Recurring expenses are super easy to set up; then you watch them populate into your register each month, with no need to manually repeat them
YNAB remembers your payees, so that I only have to start typing “Mar…” now to get “Market Basket” to pull up as an auto-complete option. It also learns what categories certain vendors fall into
I typically include lots of screenshots in app reviews, but I’m not altogether sure how to do that in this case without disclosing sensitive info! There are a bunch of screenshots of YNAB 4 here, and of the newer subscription-based YNAB here.
All in all, working with YNAB principles has been a life-changing approach, at least in the area of finances. Check it out for yourself and see what you think.
One good turn deserves another. I’ve been enjoying my second pair of Feetures socks even more than the first.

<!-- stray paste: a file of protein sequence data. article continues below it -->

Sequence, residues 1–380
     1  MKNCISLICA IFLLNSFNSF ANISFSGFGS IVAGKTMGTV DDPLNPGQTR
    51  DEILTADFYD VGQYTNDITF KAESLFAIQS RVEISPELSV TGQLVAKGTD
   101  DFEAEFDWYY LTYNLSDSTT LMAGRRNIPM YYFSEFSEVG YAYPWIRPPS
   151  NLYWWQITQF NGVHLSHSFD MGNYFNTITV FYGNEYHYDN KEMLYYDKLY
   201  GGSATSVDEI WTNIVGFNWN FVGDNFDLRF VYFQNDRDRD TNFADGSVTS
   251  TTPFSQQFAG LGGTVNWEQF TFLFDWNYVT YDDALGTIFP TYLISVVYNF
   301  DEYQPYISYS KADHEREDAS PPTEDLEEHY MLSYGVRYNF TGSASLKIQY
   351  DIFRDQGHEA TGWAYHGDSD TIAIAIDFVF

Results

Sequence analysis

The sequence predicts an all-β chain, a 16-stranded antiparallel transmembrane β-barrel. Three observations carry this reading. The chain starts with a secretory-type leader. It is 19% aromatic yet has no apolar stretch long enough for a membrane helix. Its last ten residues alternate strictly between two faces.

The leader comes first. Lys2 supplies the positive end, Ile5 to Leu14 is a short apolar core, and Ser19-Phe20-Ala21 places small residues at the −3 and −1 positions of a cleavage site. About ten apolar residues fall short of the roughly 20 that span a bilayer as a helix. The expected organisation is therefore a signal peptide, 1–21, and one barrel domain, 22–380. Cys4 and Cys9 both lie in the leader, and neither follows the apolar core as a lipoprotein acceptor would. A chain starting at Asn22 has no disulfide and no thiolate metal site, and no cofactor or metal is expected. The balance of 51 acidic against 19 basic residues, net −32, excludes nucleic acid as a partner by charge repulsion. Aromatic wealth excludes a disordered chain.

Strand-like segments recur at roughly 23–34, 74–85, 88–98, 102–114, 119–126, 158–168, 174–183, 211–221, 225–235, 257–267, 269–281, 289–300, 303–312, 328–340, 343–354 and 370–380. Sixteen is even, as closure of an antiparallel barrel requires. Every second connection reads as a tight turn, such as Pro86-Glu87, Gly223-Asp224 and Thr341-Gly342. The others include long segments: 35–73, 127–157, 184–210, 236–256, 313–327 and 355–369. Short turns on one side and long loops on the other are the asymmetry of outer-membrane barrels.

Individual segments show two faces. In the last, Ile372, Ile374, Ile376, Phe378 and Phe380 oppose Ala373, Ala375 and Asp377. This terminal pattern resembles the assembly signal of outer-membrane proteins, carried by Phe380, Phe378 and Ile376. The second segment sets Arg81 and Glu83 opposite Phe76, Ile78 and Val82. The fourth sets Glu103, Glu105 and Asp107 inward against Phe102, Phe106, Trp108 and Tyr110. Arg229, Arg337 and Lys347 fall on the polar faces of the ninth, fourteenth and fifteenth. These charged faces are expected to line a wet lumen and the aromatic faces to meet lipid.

You know how a lot of runners have that certain shirt or pair of socks that they are bummed about when it’s in the dirty laundry and not ready for their run? That’s how I’ve gotten to be with the Feetures PF Relief sock.
“PF” is plantar fasciitis, which, like so many other runners, I have unfortunately developed the last couple months.
I’ve tried just about everything. The kind of hideous-looking recovery sandal from OOFOS (but with good arch support), KT tape, rolling my foot out, physical therapy, a podiatrist, etc., etc. Especially since I am trying multiple things at once, it can be hard to say what all is working and what is not, but these socks with their intense compression have been a welcome companion on my runs.
There’s so much compression that they’re a little tricky to get on! In fact, when I first put them on I noticed some thread stretching/thinness where the heel goes in to the rest of the sock. Maybe an inevitability given the compression?
My contact at Feetures told me that seam stretch is normal. She said, “It’s a result of the Y-Heel construction of the sock and is more evident in the PF sock than some of our others!”
I worried about the sock unraveling, but after dozens of runs, everything is secure.